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Ready to Win Again?
Well, Sunday night’s Super Bowl was one for the ages as Tom Brady and Bill Belichick cemented their respective statuses as best player and coach in NFL history.
And while much credit has to go the New England Patriots, something must be said for the way the Atlanta Falcons lost.
What we saw was the best example of the difference between playing to win and playing not to lose.
In the first half of the game, after shaking off initial jitters, the Falcons found their stride playing carefree football. In the second half after building what appeared to be an uncatchable lead, they played tentatively, waiting and hoping to run out the clock.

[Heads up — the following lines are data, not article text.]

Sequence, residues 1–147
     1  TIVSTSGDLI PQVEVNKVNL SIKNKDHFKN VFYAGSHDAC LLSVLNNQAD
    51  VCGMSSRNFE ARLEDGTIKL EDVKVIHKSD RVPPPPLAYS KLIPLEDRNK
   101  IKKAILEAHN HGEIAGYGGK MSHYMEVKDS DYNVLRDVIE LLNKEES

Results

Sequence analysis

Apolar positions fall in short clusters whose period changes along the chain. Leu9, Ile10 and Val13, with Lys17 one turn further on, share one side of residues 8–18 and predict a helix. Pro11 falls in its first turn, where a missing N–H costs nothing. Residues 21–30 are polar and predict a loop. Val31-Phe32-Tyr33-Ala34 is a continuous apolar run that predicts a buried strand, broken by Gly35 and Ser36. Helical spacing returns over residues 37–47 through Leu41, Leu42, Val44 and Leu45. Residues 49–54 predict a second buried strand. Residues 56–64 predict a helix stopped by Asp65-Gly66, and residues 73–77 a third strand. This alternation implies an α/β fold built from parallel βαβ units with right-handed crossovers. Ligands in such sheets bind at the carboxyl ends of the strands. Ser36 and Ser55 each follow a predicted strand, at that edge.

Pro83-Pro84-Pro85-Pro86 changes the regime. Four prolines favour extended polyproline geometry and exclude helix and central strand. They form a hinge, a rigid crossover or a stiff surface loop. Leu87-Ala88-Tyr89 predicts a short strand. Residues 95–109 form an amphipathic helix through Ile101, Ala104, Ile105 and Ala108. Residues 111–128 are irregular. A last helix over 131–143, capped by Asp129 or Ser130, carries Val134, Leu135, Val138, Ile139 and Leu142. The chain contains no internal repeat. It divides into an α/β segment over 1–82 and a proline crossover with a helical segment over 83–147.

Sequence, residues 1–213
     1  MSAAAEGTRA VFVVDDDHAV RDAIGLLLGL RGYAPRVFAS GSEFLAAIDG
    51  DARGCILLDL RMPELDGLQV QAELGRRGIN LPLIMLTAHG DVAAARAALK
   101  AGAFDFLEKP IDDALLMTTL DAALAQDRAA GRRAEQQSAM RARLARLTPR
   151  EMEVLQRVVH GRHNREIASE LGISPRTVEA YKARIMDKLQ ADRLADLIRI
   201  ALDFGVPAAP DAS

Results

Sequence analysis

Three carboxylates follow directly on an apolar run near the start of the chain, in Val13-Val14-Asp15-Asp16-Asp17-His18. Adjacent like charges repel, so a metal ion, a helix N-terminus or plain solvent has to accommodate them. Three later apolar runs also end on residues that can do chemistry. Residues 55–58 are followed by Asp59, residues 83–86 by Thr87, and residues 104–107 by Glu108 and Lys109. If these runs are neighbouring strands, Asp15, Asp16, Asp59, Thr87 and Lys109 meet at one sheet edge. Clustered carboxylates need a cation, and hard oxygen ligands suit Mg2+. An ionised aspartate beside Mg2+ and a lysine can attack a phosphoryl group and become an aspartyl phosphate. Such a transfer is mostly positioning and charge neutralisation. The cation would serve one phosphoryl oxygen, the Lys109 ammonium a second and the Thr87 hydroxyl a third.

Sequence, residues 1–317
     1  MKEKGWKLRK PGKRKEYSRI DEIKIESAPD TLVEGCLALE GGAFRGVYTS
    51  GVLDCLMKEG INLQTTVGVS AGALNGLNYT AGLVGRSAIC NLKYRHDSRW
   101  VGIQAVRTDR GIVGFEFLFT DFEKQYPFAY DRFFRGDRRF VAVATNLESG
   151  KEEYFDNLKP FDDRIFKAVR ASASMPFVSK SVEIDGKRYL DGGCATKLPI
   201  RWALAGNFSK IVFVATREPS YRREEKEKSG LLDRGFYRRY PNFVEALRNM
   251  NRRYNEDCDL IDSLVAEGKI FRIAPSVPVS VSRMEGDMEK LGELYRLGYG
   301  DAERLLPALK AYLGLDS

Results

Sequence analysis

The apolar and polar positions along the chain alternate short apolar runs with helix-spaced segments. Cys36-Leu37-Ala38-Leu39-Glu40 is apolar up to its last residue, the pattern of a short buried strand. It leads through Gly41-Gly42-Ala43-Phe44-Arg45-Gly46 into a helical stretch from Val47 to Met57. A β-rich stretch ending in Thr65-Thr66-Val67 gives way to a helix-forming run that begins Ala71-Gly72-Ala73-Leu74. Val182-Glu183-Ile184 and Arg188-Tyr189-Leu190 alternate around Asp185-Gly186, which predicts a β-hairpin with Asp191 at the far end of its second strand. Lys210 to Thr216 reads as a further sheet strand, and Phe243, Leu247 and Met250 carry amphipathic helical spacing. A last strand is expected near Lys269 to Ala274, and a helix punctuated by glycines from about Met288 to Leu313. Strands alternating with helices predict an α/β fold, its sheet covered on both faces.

In many ways, this has happened with western nations in general, and with America in particular.
As far back as 1950, in the aftermath of World War II, the United States generated more than 27% of the world’s Gross Domestic Product (GDP). That year the United Kingdom, France, and Germany were at 15.6%, while China and India were less than 5%, and Japan at 3%.
The west put it into neutral and still dominated the world for a long time. In the 1970s, we made fun of those cheap Datsun cars and transistor radios from Japan.
Today, America combined with the UK, France, and Germany, is only 27% of the global GDP and it’s slipping fast. The alarms bells are going off, sparking actions that have resulted in Brexit and Trump. Is it going to be enough to chuck out the old flat-footed malaise?
The sense of urgency goes beyond the ballot box.
Are the citizens of the west ready to play to win again?
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